Colourful fashion trends of India
With the end of the 20th century came the end of all hype which has created a more practical and pragmatic environment and has given a more stable picture of the fashion business.
In the 50s, 60s and 70s, the Indian fashion scenario wasn’t exactly colorless. It was exciting, stylish and very graceful. There were no designers, models, star or fashion design labels that the country could show off. The value of a garment was judged by its style and fabric and not by who made it.
It was regarded as ever so chic and fashionable to approach any unfamiliar tailor, who could make a garment for a few rupees, providing the perfect fit, finish and style. The 70s witnessed an increase in the export of traditional materials outside the country as well as within. Hence, international fashion arrived in India much before the MTV culture with the bold colors, flower prints and bell-bottoms. Synthetics turned trendy and the disco culture affected the fashion scenario.
The high society lady, who wore it, was proud for getting a good bargain and for giving her name to the end result. In 60s, tight ‘kurtas’, ‘churidars’ and high coiffures were a trend among ladies. It was an era full of naughtiness and celebration in arts and music and cinema, manifested by liberation from restriction and acceptance of new types of materials such as plastic film and coated polyester fabric. At that time garments were retailed for a four-figure price tag.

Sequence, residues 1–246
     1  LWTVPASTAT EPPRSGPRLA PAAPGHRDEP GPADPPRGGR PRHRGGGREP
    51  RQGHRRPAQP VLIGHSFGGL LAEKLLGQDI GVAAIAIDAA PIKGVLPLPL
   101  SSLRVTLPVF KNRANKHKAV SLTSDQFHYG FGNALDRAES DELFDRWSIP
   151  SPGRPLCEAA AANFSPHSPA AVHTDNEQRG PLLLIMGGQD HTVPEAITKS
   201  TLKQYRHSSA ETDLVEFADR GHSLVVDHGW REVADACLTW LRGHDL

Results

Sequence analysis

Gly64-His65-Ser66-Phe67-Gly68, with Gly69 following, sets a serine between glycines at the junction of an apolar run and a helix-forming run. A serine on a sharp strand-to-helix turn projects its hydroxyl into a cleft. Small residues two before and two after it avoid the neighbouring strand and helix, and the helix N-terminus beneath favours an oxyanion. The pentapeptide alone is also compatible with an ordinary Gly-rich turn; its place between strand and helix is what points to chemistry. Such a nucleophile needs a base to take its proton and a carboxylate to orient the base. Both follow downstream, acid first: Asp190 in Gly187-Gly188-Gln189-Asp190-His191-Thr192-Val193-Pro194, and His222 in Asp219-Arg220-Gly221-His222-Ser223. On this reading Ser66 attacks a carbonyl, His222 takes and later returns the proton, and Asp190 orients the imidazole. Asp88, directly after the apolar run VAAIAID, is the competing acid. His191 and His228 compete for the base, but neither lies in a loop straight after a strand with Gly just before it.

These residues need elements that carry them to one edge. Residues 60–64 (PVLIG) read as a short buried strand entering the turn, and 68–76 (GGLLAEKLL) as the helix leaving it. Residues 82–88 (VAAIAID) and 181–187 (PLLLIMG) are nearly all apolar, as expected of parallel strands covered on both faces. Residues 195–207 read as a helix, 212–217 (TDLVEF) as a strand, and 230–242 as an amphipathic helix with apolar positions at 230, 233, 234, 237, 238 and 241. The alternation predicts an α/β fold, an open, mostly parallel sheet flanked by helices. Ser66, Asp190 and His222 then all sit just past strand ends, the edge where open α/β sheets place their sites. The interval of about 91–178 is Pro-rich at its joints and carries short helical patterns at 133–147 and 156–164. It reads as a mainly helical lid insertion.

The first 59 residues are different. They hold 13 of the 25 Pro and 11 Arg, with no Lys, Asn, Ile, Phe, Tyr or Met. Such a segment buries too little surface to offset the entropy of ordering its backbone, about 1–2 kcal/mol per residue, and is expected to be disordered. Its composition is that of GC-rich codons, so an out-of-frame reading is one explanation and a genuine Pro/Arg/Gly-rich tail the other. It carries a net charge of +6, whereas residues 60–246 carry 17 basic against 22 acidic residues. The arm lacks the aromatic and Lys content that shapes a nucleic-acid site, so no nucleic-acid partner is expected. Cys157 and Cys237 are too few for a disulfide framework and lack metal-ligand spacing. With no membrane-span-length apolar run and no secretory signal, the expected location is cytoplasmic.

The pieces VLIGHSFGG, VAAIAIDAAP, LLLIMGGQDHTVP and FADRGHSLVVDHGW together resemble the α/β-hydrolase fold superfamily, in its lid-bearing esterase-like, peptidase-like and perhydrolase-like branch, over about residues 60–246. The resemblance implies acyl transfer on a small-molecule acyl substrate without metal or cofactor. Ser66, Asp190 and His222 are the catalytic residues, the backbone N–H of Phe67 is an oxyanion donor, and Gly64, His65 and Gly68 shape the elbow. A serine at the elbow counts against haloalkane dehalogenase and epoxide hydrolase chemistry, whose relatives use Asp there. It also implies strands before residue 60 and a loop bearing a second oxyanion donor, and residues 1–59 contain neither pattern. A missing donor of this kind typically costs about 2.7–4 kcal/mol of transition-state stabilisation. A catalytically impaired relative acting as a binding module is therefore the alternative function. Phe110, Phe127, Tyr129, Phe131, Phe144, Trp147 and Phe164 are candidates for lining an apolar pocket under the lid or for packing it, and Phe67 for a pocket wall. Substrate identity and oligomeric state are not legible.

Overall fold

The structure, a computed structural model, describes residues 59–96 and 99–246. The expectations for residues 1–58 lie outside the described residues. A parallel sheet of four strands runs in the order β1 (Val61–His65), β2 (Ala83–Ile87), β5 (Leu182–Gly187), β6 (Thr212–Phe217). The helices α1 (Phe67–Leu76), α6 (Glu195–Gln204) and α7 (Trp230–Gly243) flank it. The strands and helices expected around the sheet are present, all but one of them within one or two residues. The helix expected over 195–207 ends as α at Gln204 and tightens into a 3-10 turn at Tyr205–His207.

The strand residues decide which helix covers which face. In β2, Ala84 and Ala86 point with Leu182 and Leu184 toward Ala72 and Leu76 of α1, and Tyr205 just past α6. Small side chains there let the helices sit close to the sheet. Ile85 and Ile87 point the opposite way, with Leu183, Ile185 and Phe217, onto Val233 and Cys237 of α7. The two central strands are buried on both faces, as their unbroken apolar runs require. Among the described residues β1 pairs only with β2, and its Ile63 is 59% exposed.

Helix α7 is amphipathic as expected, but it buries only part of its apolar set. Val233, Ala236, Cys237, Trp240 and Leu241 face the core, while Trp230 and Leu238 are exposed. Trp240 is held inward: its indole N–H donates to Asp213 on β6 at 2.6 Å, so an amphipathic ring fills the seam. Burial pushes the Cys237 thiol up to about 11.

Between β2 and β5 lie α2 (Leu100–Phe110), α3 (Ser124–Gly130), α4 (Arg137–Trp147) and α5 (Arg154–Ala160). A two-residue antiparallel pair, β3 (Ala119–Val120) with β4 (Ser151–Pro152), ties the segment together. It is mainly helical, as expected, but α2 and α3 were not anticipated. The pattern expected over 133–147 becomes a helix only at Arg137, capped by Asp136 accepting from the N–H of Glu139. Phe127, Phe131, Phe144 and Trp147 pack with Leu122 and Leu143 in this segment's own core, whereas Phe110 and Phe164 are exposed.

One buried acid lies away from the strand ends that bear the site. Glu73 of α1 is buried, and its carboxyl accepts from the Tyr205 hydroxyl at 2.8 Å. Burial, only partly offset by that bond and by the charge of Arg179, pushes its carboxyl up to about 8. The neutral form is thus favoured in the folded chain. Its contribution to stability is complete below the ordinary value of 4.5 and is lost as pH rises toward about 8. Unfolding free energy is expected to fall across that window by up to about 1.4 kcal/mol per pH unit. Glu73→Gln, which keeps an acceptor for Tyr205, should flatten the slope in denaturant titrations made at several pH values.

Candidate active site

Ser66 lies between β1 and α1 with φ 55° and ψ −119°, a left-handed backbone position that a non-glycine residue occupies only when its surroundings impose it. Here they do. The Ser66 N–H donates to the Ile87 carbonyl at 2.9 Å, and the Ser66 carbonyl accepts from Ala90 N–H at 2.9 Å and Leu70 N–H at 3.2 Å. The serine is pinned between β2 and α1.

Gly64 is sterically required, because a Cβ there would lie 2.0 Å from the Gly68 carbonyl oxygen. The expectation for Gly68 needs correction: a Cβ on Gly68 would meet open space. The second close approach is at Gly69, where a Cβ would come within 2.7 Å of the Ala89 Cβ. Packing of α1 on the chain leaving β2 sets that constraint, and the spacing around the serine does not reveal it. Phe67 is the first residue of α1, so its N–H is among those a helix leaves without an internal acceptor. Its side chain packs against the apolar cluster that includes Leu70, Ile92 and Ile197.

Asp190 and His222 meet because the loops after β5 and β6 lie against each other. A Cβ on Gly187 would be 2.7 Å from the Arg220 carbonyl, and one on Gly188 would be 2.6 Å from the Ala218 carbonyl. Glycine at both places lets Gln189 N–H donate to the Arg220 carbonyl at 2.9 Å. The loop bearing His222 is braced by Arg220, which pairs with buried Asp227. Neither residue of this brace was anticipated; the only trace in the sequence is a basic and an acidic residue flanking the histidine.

It was in the early 80s when the first fashion store ‘Ravissant’ opened in Mumbai. The ’80s was the era of self consciousness and American designers like Calvin Klein became popular. In India too, silhouettes became more masculine and the ‘salwar kameez’ was designed with shoulder pads. Garments were sold at unbelievable prices only because the designers had decided to get themselves noticed by making showy outfits and getting associated with the right shows, celebrities and events.
With the evolution of designer stores in Mumbai, the elegant fashion design culture was a trend among Indians along with their heavy price tags. No doubt that a garment with a heavy price tag was at the bottom stage of fashion. But clients immediately transformed into the high fashion fold where they were convinced that that the word ‘elegant fashion design culture’ means, it had to have a higher price tag.